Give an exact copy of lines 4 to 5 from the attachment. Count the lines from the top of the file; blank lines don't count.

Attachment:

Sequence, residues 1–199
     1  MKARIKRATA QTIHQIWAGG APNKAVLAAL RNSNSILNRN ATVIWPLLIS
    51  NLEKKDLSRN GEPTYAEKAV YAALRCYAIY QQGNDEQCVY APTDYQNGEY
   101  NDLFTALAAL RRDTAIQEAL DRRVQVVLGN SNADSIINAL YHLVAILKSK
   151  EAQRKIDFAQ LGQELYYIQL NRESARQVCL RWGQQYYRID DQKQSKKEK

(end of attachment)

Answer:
   101  NDLFTALAAL RRDTAIQEAL DRRVQVVLGN SNADSIINAL YHLVAILKSK
   151  EAQRKIDFAQ LGQELYYIQL NRESARQVCL RWGQQYYRID DQKQSKKEK